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Details of Grant 

EPSRC Reference: EP/L027402/1
Title: Hybrid Static/Dynamic Scheduling for Task Dataflow Parallel Programs
Principal Investigator: Vandierendonck, Dr H T K
Other Investigators:
Researcher Co-Investigators:
Project Partners:
Department: Sch of Electronics, Elec Eng & Comp Sci
Organisation: Queen's University of Belfast
Scheme: First Grant - Revised 2009
Starts: 03 December 2014 Ends: 02 March 2017 Value (£): 96,235
EPSRC Research Topic Classifications:
Computer Sys. & Architecture Fundamentals of Computing
EPSRC Industrial Sector Classifications:
No relevance to Underpinning Sectors
Related Grants:
Panel History:
Panel DatePanel NameOutcome
03 Jun 2014 EPSRC ICT Responsive Mode - June 2014 Announced
Summary on Grant Application Form
Traditionally, software development has benefit tremendously from the exponential performance increase that processors, the central computing units in computers, have witnessed. Up until about 2004, processor performance doubled about every 18 to 24 months. This trend could however not be sustained due to physical limitations, most importantly constraints on energy consumption. For this reason, processor manufacturars have switched to integrating multiple processor cores on a chip. These processors still allow an overall performance growth at similar rates as before 2004. However, software must be rewritten to utilize all processing cores in order to benefit from this performance potential. The pressure is now on software development as software must have several independent threads of execution, i.e., software must be parallel (or concurrent). The development of high-performance parallel software is non-trivial and is a specialisation of its own. The key problem with parallelism is that it must be taken into account throughout the design of software. Moreover, optimising the performance of parallel software requires many code changes that often increase performance only on specific computers. Parallelism in software imposes a dual expertise on software developers: expertise in the problem domain and expertise in parallel programming. Such a dual expertise is counterproductive in many respects and potentially leads to more costly, less effective and less functional software.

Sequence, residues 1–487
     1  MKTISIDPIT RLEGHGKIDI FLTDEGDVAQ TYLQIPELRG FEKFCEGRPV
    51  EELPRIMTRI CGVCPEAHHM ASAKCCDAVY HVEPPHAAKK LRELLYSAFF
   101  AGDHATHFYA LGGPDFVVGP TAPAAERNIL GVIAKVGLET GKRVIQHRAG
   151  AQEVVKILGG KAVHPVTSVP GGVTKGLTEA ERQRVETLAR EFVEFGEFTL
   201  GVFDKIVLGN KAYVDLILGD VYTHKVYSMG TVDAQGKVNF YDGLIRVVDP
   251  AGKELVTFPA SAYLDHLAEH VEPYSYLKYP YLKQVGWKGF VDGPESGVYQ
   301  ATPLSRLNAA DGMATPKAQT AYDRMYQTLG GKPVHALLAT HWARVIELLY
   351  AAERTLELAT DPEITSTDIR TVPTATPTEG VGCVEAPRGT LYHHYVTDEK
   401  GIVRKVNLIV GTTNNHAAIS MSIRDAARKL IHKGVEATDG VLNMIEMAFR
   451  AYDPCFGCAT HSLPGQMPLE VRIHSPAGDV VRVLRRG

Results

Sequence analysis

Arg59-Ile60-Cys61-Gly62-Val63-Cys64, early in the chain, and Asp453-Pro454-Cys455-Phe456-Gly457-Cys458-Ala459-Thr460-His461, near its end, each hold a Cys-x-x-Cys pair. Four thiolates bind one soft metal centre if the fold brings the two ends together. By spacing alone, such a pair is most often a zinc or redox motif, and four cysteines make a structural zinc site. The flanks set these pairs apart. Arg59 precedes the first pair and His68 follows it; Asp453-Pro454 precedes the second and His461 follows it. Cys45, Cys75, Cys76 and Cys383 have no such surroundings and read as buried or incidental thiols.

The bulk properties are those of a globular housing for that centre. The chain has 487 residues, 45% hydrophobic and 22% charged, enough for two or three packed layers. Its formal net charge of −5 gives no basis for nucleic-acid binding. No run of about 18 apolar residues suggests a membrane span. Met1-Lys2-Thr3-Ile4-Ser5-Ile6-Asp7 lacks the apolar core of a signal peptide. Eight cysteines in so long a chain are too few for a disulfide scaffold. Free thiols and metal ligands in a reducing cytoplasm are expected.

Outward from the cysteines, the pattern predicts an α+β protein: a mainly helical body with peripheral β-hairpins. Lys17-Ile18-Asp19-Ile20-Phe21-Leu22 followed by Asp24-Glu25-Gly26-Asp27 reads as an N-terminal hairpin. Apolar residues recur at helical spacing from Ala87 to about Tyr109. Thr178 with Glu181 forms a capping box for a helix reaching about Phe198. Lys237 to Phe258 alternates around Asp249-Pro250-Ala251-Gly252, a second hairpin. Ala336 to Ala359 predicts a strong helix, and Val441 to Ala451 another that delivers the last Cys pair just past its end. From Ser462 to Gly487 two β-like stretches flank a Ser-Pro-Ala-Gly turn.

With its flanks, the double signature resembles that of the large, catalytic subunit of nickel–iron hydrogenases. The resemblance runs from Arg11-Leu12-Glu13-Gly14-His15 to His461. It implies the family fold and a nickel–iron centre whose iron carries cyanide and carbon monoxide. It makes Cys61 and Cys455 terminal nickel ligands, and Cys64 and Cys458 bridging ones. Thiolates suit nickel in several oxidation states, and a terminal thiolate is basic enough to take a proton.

This project aims to alleviate the dual expertise problem by advancing knowledge and technology on parallel programming models based on task dataflow. These programming models separate the specification of the program from the detection of parallelism, thus shifting the focus towards correctness of software and ease of development. Task dataflow models however depend on dynamic analysis of parallelism, which adds to the execution time overhead and restricts the model to programs with coarse-grain parallelism. In contrast, it is known that statically scheduled programs (where parallelism has been decided and mapped out before the program executes) allow considerably finer-grain parallelism.

This project will investigate techniques to reconcile the benefits of dynamically scheduled task dataflow programs with the benefits of static scheduling. To this end, we will investigate compilation techniques and extensions to dynamic schedulers that allow embedding statically scheduled fine-grain parallel components inside coarse-grain dynamically scheduled programs.

If successful, this project will generate both scientific knowledge and long-term practical value for the ICT industry. This research programme will also make initial steps in the philosophically important issue of recompiling parallel programs, an issue that has been largely ignored in the past due to its sheer complexity. This research programme furthermore aligns with the EPSRC ICT capability priority on Many-core architectures and concurrency in distributed and embedded systems".

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Organisation Website: http://www.qub.ac.uk